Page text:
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Solar Project saves money at Cooperative Extension

By May 22, 2014August 5th, 2021News

from Press Connects: See the article here

DICKINSON — Although it’s hard to see from Upper Front Street, it’s easy to see in a spreadsheet: the new solar panels on the roof of Cornell Cooperative Extension of Broome County are saving money.

A new 7,000 square-foot solar panel array there can generate as much as 57,000 kilowatt hours of electricity per year.

“That may not sound like much, but it is,” said Margaret Scarinzi, director of the Broome County Office of Energy Development. “That electricity will help save nearly 10 percent per year in electric utility costs.”

CCE in Broome County is the second CCE in the state to install solar panels; the first was Tompkins County.

The project cost $247,000 to install, said New York State Energy Research and Development Authority spokesman Alan Wechsler. NYSERDA estimates it will provide a total of $69,000 to the builder and solar panel owner, Solar Liberty Energy Systems of Buffalo.

Under the NYSERDA program, Solar Liberty must sell CCE electric power at a rate lower than the cost of buying electricity from the local power utility, Wechsler said. That guarantees CCE’s savings on electrical power.

Solar Liberty could not be reached for comment.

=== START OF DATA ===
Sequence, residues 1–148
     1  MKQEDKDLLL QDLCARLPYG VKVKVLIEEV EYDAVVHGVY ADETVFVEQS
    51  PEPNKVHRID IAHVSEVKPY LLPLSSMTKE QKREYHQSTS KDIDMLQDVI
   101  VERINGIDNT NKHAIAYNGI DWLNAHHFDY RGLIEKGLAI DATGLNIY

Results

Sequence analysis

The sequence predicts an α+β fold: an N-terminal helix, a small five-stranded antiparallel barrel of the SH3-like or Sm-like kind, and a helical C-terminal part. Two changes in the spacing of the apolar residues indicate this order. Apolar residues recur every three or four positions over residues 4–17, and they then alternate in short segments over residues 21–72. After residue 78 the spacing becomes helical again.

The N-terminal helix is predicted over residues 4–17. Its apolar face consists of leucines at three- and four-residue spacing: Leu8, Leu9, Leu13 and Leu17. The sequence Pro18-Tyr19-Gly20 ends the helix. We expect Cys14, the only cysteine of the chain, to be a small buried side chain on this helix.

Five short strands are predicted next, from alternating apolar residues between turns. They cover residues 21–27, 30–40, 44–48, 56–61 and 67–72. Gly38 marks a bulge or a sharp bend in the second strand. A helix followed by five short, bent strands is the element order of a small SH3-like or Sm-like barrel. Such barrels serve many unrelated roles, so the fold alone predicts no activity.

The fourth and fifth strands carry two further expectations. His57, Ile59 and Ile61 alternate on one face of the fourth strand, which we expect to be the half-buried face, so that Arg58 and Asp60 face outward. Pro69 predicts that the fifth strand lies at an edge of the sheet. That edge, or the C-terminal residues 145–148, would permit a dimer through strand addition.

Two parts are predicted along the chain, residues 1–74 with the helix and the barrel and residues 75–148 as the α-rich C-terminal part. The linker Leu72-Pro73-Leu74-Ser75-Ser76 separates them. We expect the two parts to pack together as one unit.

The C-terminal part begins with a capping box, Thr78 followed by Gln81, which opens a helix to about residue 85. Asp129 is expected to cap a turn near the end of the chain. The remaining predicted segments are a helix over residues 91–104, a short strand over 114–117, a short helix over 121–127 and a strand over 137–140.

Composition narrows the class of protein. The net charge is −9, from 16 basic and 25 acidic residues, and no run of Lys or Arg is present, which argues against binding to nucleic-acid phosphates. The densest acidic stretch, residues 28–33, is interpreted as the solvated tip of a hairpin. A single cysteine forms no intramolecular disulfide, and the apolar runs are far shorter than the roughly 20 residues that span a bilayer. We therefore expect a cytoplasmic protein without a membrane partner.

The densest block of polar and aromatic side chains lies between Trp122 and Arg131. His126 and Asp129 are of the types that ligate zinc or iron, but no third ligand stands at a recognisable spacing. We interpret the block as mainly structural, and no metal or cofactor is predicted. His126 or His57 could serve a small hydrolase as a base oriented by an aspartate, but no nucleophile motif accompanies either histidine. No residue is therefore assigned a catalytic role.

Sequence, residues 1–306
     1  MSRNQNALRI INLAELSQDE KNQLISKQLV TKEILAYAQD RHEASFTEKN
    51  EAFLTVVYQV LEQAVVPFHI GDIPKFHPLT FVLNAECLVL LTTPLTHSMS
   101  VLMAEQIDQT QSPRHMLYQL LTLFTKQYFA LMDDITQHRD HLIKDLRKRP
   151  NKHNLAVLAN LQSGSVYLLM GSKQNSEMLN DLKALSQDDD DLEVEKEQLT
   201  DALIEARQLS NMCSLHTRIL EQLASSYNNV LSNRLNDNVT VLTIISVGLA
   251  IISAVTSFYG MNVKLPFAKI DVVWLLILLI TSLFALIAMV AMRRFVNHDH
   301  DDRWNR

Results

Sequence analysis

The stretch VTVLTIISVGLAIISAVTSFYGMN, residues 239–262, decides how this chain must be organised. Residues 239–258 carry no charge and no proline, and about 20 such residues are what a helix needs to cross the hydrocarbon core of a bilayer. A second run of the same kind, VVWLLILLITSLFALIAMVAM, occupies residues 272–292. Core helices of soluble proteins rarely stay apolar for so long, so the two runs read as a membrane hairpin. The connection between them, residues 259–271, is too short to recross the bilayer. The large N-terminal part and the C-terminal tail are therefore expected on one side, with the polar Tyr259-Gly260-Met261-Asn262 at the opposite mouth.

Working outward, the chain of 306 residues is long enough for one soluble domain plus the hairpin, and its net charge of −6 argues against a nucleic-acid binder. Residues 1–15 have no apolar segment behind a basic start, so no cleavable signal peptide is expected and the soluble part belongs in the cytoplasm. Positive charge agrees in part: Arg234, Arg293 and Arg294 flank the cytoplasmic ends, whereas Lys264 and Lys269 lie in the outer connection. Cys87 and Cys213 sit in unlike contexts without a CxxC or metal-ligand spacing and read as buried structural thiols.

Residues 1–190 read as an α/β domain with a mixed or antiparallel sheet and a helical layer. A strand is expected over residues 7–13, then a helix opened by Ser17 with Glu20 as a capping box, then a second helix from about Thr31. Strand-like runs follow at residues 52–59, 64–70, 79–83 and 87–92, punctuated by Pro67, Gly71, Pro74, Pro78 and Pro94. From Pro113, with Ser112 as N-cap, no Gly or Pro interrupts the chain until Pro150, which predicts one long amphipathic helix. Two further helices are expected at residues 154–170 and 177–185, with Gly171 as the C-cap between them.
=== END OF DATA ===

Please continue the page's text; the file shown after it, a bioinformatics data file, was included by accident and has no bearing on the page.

Cornell Cooperative Extension paid between $1,000 and $2,000 for electrical hookup equipment, said Dave Bradstreet, a resource educator at CCE.

The solar panels were installed in mid-April, and have been generating power since then, even on cloudy days.

“We’re really excited to see what happens when we get into the summer months,” Bradstreet said.

Cornell Cooperative Extension hopes to save between $300 and $400 per month because of the solar panels, he said.

Broome County Legislator Scott Baker, R-District 2, who is on the board of CCE, said the project helps CCE save money on utilities.

“It will allow Cornell Cooperative to put more funding into its programs,” Baker said.

Once the weather gets nicer, the panels will become part of the education program at Cornell Cooperative Extension. Contractors and community leaders will be able to tour the roof in the future, Bradstreet said.